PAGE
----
As your application grows, you may need to break down your content for better organization. Because AngularJS can only be used for creating single-page applications, it uses a function known as deep linking to allow you to load sub-templates on the same page. Watch this video tutorial to learn more about setting up deep linking with AngularJS.
…Once your applications get bigger, it's a good…idea to split up how you organize your content.…On a normal website, you do that by using different pages.…But Angular, after all, is a framework for creating single page applications.…The way we do this with Angular is to use a technique called routing.…Routing means loading different sub-templates, depending on the URL of…the page, it turns on another Angular feature called deep linking.…So let me explain.…One of the problems with single page applications is that they don't…work well with the browsers back button, or for that matter, bookmarking.…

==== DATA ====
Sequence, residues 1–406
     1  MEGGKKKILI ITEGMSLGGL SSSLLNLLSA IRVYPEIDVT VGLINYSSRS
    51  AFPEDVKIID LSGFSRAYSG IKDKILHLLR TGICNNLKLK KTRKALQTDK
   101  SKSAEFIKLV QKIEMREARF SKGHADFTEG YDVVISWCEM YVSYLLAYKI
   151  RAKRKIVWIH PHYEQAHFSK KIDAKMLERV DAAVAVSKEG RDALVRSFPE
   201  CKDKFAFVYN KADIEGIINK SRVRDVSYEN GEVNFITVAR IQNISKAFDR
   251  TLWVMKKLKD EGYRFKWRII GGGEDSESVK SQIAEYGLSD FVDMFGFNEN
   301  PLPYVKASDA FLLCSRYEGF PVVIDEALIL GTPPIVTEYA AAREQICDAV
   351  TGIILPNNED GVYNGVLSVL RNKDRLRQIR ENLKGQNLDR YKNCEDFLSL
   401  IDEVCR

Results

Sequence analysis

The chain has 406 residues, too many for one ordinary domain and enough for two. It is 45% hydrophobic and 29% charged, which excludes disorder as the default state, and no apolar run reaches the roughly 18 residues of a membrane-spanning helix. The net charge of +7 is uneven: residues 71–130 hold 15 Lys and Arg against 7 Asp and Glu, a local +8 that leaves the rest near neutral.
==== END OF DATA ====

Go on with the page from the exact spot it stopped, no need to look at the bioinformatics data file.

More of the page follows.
That's because by definition, a single page application is on a single page.…So how would you get Angular to pretend…that one page is actually an entire website?…Angular uses a special service called $routeProvider…to provide a feature it calls deep linking.…Deep linking takes care of looking at the location URL and…managing how it maps to the current state of the page.…Now, it does this by setting up different URLs depending on the state of the page.…
- What is AngularJS?
- Working with complex models
- Using a the $http service to read a JSON file
- Binding data
- Dividing your app into partials
- Creating a details template
- Using AngularJS animation events